Lyubarsky, A. L. and Chen, C.-K. and Naarendorp, F. and Zhang, X. and Wensel, T. and Simon, M. I. and Pugh, E. N., Jr. (2001) RGS9-1 is required for normal inactivation of mouse cone phototransduction. Molecular Vision, 7 (11). pp. 71-78. ISSN 1090-0535. http://resolver.caltech.edu/CaltechAUTHORS:LYUmv01
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Purpose: To test the hypothesis that Regulator of G-protein Signaling 9 (RGS9-1) is necessary for the normal inactivation of retinal cones. Methods: Mice having the gene RGS9-1 inactivated in both alleles (RGS9-1 -/-) were tested between the ages 8-10 weeks with electroretinographic (ERG) protocols that isolate cone-driven responses. Immunohistochemistry was performed with a primary antibody against RGS9-1 (anti-RGS9-1c), with the secondary conjugated to fluorescein isothiocyanate, and with rhodamine-conjugated peanut agglutinin. Results: (1) Immunohistochemistry showed RGS9-1 to be strongly expressed in the cones of wildtype (WT is C57BL/6) mice, but absent from the cones of RGS9-1 mice. (2) Cone-driven b-wave responses of dark-adapted RGS9-1 -/- mice had saturating amplitudes and sensitivities in the midwave and UV regions of the spectrum equal to or slightly greater than those of WT (C57BL/6) mice. (3) Cone-driven b-wave and a-wave responses of RGS9-1 -/- mice recovered much more slowly than those of WT after a strong conditioning flash: for a flash estimated to isomerize 1.2% of the M-cone pigment and 0.9% of the UV-cone pigment, recovery of 50% saturating amplitude was approximately 60-fold slower than in WT. Conclusions: (1) The amplitudes and sensitivities of the cone-driven responses indicate that cones and cone-driven neurons in RGS9-1 -/- mice have normal generator currents. (2) The greatly retarded recovery of cone-driven responses of RGS9-1 -/- mice relative to those of WT mice establishes that RGS9-1 is required for normal inactivation of the cone phototransduction cascades of both UV- and M-cones.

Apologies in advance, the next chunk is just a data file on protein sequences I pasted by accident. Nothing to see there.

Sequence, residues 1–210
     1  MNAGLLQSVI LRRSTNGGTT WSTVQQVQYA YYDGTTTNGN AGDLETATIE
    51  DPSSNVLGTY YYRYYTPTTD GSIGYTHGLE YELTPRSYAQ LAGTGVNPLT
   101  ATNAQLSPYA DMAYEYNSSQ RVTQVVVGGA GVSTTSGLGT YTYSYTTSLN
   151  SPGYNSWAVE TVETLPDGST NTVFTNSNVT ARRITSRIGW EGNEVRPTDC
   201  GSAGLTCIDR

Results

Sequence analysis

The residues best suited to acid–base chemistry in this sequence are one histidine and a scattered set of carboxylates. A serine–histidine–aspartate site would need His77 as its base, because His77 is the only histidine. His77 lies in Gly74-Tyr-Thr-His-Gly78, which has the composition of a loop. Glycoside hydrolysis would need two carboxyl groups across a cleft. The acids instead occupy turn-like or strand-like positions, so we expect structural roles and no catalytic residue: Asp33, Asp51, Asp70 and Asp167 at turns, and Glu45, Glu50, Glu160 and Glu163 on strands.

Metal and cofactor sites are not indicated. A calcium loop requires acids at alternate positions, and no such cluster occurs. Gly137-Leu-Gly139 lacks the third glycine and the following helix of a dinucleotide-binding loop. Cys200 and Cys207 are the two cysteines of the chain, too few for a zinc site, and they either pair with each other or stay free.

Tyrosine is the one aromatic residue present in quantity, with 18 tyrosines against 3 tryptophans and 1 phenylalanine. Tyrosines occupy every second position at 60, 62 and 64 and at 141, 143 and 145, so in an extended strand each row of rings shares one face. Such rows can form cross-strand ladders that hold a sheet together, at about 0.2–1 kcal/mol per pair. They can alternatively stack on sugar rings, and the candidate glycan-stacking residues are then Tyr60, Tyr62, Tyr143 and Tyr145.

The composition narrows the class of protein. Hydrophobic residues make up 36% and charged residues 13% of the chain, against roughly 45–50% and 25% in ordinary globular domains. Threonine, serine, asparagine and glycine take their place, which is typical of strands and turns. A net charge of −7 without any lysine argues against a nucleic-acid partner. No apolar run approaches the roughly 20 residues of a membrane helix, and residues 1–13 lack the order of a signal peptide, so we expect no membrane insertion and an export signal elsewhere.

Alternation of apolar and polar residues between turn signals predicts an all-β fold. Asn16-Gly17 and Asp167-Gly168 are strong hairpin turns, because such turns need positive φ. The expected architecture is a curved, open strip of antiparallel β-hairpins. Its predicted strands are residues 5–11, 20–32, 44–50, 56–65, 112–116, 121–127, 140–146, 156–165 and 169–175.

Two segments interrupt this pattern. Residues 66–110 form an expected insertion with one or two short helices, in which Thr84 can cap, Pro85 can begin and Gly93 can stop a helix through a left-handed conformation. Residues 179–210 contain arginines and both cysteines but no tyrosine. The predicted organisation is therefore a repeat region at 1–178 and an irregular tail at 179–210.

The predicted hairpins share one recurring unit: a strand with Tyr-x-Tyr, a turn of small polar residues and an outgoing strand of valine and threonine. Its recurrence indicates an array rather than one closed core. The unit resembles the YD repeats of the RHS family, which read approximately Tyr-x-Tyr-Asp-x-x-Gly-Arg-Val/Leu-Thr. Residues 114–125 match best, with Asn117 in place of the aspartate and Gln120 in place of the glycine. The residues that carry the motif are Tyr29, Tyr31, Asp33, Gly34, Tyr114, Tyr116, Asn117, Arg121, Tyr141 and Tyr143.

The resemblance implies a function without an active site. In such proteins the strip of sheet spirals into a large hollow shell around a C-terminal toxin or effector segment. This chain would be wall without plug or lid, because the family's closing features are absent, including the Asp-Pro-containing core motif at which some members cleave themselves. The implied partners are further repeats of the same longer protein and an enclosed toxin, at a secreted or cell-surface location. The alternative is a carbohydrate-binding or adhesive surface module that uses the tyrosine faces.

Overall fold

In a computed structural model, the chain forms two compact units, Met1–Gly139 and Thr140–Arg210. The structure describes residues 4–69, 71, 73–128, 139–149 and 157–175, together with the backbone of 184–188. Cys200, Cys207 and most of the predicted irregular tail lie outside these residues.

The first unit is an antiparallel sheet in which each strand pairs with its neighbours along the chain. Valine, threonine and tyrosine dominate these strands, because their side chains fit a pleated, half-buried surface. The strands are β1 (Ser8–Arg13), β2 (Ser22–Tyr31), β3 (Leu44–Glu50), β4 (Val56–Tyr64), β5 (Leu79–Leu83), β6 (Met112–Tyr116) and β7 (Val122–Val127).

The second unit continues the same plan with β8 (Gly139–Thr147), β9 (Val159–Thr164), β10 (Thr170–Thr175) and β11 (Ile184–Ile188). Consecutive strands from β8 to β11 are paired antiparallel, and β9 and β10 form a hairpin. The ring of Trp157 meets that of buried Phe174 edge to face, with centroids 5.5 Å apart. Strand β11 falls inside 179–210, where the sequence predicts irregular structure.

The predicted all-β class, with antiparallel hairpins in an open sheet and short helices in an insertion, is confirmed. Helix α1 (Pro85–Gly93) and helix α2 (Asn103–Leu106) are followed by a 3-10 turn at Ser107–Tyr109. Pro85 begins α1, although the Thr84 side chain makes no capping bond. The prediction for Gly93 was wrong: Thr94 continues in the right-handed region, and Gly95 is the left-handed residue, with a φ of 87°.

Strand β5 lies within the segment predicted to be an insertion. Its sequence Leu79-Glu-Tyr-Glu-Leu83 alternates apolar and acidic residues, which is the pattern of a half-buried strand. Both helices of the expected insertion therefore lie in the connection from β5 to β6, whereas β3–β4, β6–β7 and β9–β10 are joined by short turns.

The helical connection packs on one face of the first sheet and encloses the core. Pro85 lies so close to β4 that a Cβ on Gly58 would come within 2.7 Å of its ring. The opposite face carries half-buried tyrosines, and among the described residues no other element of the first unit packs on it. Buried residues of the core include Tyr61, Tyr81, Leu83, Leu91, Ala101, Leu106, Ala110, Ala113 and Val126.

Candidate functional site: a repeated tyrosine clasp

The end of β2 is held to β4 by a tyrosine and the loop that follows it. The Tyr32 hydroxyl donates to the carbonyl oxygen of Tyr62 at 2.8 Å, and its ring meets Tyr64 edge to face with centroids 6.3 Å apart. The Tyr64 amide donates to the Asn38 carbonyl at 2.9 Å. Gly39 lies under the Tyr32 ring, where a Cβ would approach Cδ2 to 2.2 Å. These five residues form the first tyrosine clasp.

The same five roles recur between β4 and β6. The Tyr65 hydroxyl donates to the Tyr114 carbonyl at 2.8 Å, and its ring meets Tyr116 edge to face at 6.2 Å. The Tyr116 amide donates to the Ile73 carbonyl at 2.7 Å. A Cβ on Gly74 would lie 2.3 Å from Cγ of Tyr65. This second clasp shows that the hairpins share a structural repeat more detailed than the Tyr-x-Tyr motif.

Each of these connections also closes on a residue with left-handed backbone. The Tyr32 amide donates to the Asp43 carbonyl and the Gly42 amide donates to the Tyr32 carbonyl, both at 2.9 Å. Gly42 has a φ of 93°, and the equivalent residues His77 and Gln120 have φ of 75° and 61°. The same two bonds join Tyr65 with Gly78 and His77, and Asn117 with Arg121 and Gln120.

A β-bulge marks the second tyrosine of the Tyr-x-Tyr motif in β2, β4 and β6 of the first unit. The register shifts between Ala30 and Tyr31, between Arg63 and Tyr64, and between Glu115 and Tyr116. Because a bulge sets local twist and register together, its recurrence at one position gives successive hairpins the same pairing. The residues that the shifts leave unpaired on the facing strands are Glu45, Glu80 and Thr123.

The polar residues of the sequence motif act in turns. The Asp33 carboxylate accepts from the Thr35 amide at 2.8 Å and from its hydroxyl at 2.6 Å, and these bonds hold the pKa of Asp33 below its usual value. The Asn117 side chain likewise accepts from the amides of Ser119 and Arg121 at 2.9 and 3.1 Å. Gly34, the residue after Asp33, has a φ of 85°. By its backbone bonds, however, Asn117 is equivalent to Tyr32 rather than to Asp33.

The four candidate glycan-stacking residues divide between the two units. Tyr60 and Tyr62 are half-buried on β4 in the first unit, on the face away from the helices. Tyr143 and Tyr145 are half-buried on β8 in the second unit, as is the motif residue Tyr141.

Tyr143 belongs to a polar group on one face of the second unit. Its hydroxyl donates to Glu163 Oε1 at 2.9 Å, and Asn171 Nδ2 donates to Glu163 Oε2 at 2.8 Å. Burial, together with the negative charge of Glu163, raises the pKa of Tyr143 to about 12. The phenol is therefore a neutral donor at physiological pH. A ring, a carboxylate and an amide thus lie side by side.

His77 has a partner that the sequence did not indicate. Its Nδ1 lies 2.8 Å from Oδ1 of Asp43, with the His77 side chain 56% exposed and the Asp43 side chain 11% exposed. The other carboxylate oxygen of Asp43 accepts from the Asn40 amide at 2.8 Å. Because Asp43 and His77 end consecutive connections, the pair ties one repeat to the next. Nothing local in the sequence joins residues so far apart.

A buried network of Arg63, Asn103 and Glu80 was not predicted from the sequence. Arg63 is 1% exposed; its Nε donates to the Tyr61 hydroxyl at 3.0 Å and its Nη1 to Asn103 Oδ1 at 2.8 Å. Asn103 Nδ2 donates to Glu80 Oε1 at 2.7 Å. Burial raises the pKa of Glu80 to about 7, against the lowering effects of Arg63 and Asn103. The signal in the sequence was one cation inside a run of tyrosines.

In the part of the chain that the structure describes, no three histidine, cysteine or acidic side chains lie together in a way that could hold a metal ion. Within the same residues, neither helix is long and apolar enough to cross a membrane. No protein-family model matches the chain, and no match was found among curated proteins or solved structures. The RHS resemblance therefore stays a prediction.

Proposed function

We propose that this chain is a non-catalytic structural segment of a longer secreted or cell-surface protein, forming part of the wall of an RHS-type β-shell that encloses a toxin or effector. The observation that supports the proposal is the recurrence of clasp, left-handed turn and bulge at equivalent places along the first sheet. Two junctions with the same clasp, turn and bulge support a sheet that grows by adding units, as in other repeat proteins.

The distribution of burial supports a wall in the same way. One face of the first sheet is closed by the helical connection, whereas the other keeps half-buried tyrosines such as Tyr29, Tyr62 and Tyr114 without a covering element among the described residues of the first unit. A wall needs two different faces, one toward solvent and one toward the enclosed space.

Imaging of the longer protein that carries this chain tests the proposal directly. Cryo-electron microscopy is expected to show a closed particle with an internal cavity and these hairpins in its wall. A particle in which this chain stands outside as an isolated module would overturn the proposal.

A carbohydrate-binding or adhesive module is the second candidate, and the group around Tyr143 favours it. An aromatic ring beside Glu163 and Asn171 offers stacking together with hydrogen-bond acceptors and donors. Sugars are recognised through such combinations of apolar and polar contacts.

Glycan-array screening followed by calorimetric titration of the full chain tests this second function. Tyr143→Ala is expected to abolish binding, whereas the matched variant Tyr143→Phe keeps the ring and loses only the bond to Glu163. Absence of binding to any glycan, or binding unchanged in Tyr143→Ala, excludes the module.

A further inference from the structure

|Additional Information:||Received 8 February 2001 | Accepted 19 March 2001 | Published 20 March 2001. Supported by NIH grants to ENP, TGW, and MIS, and by awards from the Research to Prevent Blindness Foundation to ENP and TGW. We thank Ann Milam (Department of Ophthalmology, University of Pennsylvania) and Trevor Lamb (Department of Physiology, University of Cambridge), and the reviewers, for helpful comments.|
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|Deposited On:||13 May 2005|
|Last Modified:||26 Dec 2012 08:39|
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